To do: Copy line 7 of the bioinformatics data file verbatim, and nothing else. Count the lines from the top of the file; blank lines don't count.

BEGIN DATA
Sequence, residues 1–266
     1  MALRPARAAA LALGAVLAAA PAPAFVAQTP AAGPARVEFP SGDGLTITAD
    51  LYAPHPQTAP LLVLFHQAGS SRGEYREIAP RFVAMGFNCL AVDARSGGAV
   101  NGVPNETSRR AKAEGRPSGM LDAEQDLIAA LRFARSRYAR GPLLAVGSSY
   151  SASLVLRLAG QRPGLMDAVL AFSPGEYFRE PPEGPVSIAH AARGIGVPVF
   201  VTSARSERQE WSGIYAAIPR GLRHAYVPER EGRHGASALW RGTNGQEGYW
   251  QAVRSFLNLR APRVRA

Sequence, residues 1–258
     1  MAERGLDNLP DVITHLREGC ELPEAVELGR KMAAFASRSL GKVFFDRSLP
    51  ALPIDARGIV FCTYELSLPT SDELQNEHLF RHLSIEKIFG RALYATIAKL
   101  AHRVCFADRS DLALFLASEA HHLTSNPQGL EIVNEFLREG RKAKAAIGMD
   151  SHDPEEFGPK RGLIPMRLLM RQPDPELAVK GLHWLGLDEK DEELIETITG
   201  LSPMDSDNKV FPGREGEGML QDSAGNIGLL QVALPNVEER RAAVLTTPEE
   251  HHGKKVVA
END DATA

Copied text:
   251  QAVRSFLNLR APRVRA